Summary: Encouragement to persevere
We started last month to look at the letters written to the Seven Churches in Asia as a series.
The book of Revelation was written by the apostle John whilst he was banished to the island of Patmos in traditionally AD 96 at a time when Christian Churches were being persecuted throughout the Roman Empire possibly under the Emperor Domitian (AD 81-96).
Let’s just quickly summarise the seven churches before going on to look at Smyrna the second of these churches in more detail.
1) Ephesus Rev. 2:1-7
It was an orthodox church, with good works, patience, sound doctrine, church discipline and hatred of evil. But it suffered from backsliding and loss of its first love.
Catchword: Loss of First Love
2) Smyrna Rev. 2:8-11
This was the poor, rich church that we are going to look at today. It had spiritual endurance and heavenly treasure and is one of the two churches (the other being that of Philadelphia) to have no reproof.
3) Pergamum Rev. 2:12-17
It was a church with a bad environment. Its virtues were perseverance in an evil environment but it is reproved for its tolerance of wrong doctrine and heretics.
4) Thyatira (pronounced Thy’at’ira)
Thyatira, the church of the evil prophetess, was commended for its love, spiritual service, faith and patience but reproved for its lax discipline and tolerance of a corrupt prophetess.
Catchword: Lack of Discipline
5) Sardis Rev. 3:1-6
It was the dying church. For most of its members there was nothing to commend it for, though some were commended for purity. It was reproved for extreme formalism, imminent spiritual death and inactivity.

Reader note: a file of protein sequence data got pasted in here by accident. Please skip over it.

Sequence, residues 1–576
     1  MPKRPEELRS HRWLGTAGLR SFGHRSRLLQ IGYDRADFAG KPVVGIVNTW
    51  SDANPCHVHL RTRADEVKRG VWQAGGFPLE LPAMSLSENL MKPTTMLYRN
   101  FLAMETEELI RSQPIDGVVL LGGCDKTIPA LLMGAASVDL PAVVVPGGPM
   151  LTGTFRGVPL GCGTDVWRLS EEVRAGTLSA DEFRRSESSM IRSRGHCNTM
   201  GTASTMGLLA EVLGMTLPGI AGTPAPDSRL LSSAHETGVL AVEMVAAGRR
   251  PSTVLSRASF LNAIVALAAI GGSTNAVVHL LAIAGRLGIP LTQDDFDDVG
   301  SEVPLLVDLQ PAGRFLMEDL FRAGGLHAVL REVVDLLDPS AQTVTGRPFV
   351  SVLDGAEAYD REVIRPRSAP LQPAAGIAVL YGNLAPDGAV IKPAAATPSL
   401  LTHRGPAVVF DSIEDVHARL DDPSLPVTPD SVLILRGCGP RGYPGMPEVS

6) Philadelphia Rev.3: 7-13
It was a weak but loyal church and was commended for its witness and faithfulness to God’s Word. It received no reproof.
7) Laodicea Rev. 3:14-22
It had nothing to recommend it. On the contrary it was condemned for its lukewarmness, spiritual conceit, no conscious need, spiritual poverty and spiritual blindness.
Perhaps this is the closest church to our churches in England today.
I believe it is good for us to read these letters so that we can watch for the pitfalls that other churches have fallen into and to take note.
It is also good for us to consider what the Lord requires from his church.
So today we’ll take a look at the Church in Smyrna.
I think that we will understand the letter better when we know something about the city and the people to whom the letter was written.
Smyrna is present-day Izmir in Turkey, about 210 miles south-south-west of Istanbul on the Aegean shore.
It is about forty miles due north of Ephesus and had a population of about 200,000 (two hundred thousand)
It was an important seaport at the mouth of the Hermus River for the ancient trade route through the Hermus valley.
It was wealthy and it was a city where learning flourished, especially sciences and medicine.